drewfioravanti - If for some reason they don't like something on some other part of the site, is it Kosher to make the landing page on its own separate site or would that be considered not enough content for a site? I seem to recall Google ads that lead to a URL where the only page appears to be the landing page. We do own the domain name that is the same as the book name and I could set up a separate URL if necessary.

      So far, they haven't asked us to change anything on the main site so I'm hoping they're OK with it...

      Thanks again!

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  • Profile picture of the author HunterST
    AdWords can be a real b#$ch, but oooh do I love that traffic.
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  • Profile picture of the author mkellam
    As I look back, I wonder if maybe when he says "there are lot of other policy violation terms used", he means that the Guarantee statement appears 4 or 5 times on the page. He seems to be suggesting the fix would be simple so maybe I'll try just changing that and see if it gets approved then.
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  • Profile picture of the author luke1213
    Yea using the word FREE in adwords is sometimes frowned upon. I have slipped it by google by using synonyms for the word. Also like drew said your entire website has to be compliant
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  • Profile picture of the author drewfioravanti
    Maybe they will never notice it, but in my experience, they always do. Your entire site has to be compliant.

    You could make a mini site on another domain if you wanted to. I suppose that would be fine.

    Also, pop-overs are OK. As long as it is not a new window, and does not force the user to close a window, it is OK. And by window I mean browser window. So all of the fancy lightbox pop-overs you see are technically OK by AdWords. But, when you are giving away a free product in exchange for an email address, they generally consider this information harvesting or some other violation.

    It often relies on whoever is doing the reviewing of your site. And it is not always consistent. Eventually, if something is in violation on your site, someone will find it.

    And if you can, try calling them. They are generally helpful on the phone. They'll tell you they can't tell you exactly what on your site is in violation. But, often they will. Then you'll get the contact information of that person. And they can work as your liason between you and the review people. It will get your issues streamlined.

    But...I don't work for Google. And never have. This is just my experience.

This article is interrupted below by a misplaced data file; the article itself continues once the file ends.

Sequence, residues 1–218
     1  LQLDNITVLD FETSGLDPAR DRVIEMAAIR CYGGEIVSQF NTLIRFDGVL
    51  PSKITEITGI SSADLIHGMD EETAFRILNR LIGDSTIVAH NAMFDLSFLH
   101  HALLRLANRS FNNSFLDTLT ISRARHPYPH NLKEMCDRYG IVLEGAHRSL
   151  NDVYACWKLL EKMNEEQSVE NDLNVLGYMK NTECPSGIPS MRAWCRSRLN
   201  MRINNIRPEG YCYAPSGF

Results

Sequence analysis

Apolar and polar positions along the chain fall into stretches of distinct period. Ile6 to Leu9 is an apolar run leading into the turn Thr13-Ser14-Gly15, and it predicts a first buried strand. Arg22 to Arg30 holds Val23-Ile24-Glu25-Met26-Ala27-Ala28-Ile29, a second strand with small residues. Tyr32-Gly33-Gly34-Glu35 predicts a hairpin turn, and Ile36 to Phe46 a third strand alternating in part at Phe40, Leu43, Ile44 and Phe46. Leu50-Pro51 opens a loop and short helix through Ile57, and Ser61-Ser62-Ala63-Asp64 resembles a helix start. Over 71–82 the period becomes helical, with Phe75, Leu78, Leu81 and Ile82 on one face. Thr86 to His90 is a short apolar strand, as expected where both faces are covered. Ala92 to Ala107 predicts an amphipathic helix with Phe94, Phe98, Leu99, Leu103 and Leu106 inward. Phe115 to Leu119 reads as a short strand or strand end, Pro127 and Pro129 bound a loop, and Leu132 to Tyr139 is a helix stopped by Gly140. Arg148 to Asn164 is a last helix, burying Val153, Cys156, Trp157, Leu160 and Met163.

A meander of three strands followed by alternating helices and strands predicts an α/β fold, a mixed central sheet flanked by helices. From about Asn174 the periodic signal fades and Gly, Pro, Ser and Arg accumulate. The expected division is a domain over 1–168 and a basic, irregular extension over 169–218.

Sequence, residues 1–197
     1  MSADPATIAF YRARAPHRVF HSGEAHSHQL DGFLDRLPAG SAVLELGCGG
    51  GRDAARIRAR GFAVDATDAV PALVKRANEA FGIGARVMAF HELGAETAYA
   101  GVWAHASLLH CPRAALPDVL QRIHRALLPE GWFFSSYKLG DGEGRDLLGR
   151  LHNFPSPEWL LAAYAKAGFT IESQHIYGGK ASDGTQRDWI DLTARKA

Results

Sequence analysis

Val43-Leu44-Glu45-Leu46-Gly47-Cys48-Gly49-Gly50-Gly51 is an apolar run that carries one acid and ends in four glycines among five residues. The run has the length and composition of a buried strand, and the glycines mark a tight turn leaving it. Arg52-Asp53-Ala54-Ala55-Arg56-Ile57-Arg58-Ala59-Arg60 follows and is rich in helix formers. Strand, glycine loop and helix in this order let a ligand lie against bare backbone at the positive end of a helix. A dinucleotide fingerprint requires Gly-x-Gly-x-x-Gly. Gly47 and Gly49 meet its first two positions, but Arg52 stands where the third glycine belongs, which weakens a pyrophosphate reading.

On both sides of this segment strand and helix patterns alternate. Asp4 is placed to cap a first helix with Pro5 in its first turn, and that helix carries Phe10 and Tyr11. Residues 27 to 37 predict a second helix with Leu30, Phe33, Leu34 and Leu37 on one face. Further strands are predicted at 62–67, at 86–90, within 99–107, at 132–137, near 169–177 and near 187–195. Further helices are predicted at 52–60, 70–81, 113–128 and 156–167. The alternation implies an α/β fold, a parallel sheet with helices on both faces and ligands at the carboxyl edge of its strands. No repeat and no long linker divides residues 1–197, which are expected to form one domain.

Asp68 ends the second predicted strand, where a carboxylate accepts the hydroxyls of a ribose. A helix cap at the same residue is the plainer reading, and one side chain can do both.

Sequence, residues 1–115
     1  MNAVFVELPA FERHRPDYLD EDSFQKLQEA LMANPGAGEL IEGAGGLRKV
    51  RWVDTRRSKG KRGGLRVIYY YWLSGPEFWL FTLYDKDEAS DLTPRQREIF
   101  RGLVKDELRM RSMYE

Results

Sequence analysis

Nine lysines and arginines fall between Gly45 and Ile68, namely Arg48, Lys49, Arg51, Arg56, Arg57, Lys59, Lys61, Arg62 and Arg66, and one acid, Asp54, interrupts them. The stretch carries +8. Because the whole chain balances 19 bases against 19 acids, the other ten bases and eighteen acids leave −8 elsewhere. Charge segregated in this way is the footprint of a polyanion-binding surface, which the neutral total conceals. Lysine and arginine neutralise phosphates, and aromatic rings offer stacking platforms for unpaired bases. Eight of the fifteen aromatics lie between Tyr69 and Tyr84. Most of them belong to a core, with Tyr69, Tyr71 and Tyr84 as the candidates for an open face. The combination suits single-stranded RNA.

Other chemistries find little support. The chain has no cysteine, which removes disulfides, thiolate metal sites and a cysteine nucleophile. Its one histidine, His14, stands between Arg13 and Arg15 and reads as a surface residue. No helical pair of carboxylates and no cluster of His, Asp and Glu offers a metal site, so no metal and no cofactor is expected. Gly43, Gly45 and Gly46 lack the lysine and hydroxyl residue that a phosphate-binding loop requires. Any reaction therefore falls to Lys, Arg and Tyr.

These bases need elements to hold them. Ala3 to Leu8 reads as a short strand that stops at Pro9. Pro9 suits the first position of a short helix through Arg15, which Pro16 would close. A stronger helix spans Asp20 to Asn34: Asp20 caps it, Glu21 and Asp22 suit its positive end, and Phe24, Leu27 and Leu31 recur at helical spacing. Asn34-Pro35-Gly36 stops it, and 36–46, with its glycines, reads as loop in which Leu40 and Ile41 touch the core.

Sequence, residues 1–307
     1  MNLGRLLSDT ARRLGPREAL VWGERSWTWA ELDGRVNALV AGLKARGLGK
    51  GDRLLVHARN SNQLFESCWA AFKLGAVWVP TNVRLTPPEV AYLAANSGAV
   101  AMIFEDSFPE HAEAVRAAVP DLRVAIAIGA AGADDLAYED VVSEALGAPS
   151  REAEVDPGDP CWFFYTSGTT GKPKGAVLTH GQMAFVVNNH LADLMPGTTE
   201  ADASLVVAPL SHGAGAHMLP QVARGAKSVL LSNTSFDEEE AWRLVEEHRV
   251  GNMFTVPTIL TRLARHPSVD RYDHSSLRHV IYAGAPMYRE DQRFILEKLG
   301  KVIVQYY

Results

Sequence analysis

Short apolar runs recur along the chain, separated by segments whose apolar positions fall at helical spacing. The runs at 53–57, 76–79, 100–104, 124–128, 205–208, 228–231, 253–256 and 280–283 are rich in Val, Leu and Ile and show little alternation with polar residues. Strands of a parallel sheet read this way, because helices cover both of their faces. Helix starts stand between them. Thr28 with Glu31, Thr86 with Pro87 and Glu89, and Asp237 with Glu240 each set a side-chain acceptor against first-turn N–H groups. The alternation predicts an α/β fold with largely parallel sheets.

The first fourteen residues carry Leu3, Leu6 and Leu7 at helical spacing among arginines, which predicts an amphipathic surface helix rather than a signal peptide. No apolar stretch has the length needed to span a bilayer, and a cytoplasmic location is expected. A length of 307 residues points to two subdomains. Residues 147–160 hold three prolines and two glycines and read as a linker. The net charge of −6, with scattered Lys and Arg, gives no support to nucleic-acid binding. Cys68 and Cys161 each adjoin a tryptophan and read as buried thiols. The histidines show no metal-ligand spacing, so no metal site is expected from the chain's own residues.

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    • Profile picture of the author dburk
      Hi Michael,

      Sorry I didn't notice this thread earlier, seems that there is no longer an official place on the Warrior Forum for discussions on AdWords and other PPC advertising topic discussions for traditional businesses (but, that's whole other discussion). I will try to help you out if I can.

      Google's AdWords program is under close scrutiny by FTC, and other regulators that have forced them to accept only the cleanest advertisers. Google embraces this stance because it helps their users as well as their paying customers that meet these higher standards.

      While it is true that they prefer to not tell you exactly what you must do to meet the minimum standard, there is a reasonable purpose and logic behind their method. First, they don't want to hire full time staff to do the job that advertisers should be doing for themselves, that just drives the cost up for everybody and gives their competitors an unfair cost advantage. Secondly, they do not want to encourage advertisers to seek the lowest standards, they want to encourage you to set your standards well above the bare minimum. If you do that you will likely never have an issue getting your websites and ads approved.

      While I understand the temptation to simply move to another ad platform that has looser standards, you will never see the same massive traffic potential that is possible from AdWords, and your top competitors will likely trounce you in market share.

      From my experience, Google will work with you and tell you exactly what you must do to get your website into compliance, but they want to see you making an effort on your own to comply, and will only offer specific advice when they first see a reasonable effort on your part to comply without their help. If you are new to advertising and unfamiliar with FTC regulations, it can seem like a daunting task, but stick with it, you will eventually get there and the massive and highly targeted traffic is well worth it in the end.

      Once you master advertising compliance on AdWords, meeting standards on other platforms will seem natural and easy. At some point, all other worthwhile ad platforms will crack down on low advertiser standards and you will be forced to comply with most standards that AdWords is now currently demanding, might as well go through the learning curve now. If you simply cannot bear to go through the rather steep learning curve of PPC advertising on AdWords, you always have the option of hiring an agency, or in-house expert to manage the process for you.

      Inside AdWords: A Learning Center for everyone